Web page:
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Dwight D. Eisenhower Hardcover – November 5, 2002


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Dwight D. Eisenhower + Harry S. Truman: The American Presidents Series: The 33rd President, 1945-1953 + John F. Kennedy: The American Presidents Series: The 35th President, 1961-1963
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Product Details

  • Hardcover: 176 pages
  • Publisher: Times Books; 1st edition (November 5, 2002)
  • Language: English
  • ISBN-10: 0805069070
  • ISBN-13: 978-0805069075
  • Product Dimensions: 8.3 x 5.9 x 1.2 inches
  • Shipping Weight: 11.2 ounces (View shipping rates and policies)
  • Average Customer Review: 2.8 out of 5 stars  See all reviews (22 customer reviews)
  • Amazon Best Sellers Rank: #168,859 in Books (See Top 100 in Books)

Editorial Reviews

Amazon.com Review

"I have been in politics ... most of my adult life. There's no more active political organization in the world than the armed forces of the United States." So said Dwight Eisenhower, the subject of journalist-novelist Tom Wicker's thoughtful--and often critical--Dwight D. Eisenhower, shortly after leaving the presidency.

Eisenhower was never above politics, as his admirers claimed; Wicker shows that he was a political creature through and through, as Patton suspected while serving under him in World War II. ("Ike wants to be president so badly you can taste it," Patton said.) He held all the contradictory positions of a politician, too: a dedicated cold warrior and anti-Communist, he famously decried the power of the "military-industrial complex," resisted American involvement in Vietnam while setting the stage for it, and called himself a "liberal Republican" while doing little to attend to pressing domestic issues, especially in the realm of civil rights. He refused to stand up to Joe McCarthy and chose Richard Nixon as his running mate for reasons of political expediency.

Wicker gives Eisenhower middling marks: "The worst did not happen in his time, but neither did the best." His survey may not cheer Ike's fans, but it's balanced, highly readable, and useful for those seeking a window on American political life half a century ago. --Gregory McNamee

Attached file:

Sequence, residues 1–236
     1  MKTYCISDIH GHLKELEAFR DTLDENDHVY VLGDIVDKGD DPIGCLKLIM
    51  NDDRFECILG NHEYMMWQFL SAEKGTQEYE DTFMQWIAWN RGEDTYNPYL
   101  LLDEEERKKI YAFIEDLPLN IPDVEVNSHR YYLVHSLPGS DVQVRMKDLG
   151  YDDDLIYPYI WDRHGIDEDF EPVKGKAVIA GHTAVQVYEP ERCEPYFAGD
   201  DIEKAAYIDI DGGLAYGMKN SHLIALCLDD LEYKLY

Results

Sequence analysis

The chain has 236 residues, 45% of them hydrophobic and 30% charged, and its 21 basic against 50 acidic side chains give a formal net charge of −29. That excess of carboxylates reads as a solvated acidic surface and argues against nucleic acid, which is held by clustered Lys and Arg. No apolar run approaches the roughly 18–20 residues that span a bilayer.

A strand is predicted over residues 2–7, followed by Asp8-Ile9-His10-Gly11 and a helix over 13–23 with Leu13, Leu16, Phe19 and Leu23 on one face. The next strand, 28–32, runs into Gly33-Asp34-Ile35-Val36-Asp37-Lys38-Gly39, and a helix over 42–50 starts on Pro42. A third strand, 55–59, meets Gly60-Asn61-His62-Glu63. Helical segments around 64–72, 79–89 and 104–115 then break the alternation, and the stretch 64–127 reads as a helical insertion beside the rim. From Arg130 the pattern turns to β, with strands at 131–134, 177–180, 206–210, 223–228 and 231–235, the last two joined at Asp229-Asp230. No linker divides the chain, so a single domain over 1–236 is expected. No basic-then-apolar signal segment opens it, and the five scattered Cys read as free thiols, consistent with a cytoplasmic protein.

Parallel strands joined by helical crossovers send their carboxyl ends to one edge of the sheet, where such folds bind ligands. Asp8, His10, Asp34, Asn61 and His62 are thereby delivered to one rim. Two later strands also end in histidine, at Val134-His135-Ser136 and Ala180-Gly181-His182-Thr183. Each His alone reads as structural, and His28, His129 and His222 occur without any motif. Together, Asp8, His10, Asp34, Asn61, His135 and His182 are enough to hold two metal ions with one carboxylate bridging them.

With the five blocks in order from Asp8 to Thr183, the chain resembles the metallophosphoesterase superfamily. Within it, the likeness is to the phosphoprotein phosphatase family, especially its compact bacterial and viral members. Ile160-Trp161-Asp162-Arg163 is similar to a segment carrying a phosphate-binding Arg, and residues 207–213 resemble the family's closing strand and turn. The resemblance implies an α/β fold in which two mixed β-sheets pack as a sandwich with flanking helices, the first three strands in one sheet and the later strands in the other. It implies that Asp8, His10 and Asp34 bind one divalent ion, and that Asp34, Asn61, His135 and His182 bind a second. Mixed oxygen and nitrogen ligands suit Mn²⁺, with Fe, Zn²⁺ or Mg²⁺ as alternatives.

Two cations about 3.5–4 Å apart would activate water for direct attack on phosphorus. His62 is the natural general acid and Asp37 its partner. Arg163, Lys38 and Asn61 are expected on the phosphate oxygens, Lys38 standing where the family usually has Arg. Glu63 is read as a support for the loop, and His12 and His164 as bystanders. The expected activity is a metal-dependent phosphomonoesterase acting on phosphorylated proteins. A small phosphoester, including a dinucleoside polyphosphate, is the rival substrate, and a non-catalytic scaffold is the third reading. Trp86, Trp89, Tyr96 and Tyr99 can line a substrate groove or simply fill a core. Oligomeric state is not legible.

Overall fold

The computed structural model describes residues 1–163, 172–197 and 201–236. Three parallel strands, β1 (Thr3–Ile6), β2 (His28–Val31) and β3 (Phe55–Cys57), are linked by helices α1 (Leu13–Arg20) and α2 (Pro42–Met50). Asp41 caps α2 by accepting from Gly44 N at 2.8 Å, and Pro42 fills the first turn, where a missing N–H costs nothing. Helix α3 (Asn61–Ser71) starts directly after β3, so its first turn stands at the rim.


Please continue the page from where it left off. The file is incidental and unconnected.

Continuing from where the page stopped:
From Publishers Weekly

The latest in the American Presidents series of brief biographies (edited by Arthur Schlesinger Jr.), journalist Wicker's chronicle of Eisenhower offers a solid account, plus a unique personal view, of the much-loved and maligned politician. Wicker (One of Us: Richard Nixon and the American Dream), who covered politics for the New York Times for 30 years, spent a week with Eisenhower in 1962. Wicker had been a left-leaning Stevenson supporter and critic of Eisenhower's policies in the 1950s, but he found himself entranced by the ex-president and by the end of the week became a lifelong booster of Eisenhower the man, if not Eisenhower the president. Wicker says he has tried to factor out his personal fondness for Eisenhower while composing this biography, and he does manage a lively evenhandedness-not an oxymoron in this circumstance-in weighing the accomplishments and pitfalls of his administration. Only a few pages are devoted to his first 62 years on earth-the real beginning is Eisenhower's 1952 presidential campaign. A fine introduction to 1950s political history, the biography covers the domestic and international crises that occurred on Eisenhower's watch, including the Supreme Court's decision to racially integrate public schools, the poisonous influence of Sen. Joe McCarthy, tensions with the Soviet Union and the threat of nuclear war. Thanks to Wicker's limber prose (his talents as an oft-published novelist are on display), careful research and personal touch, the learning is easy.
Copyright 2002 Reed Business Information, Inc.

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Customer Reviews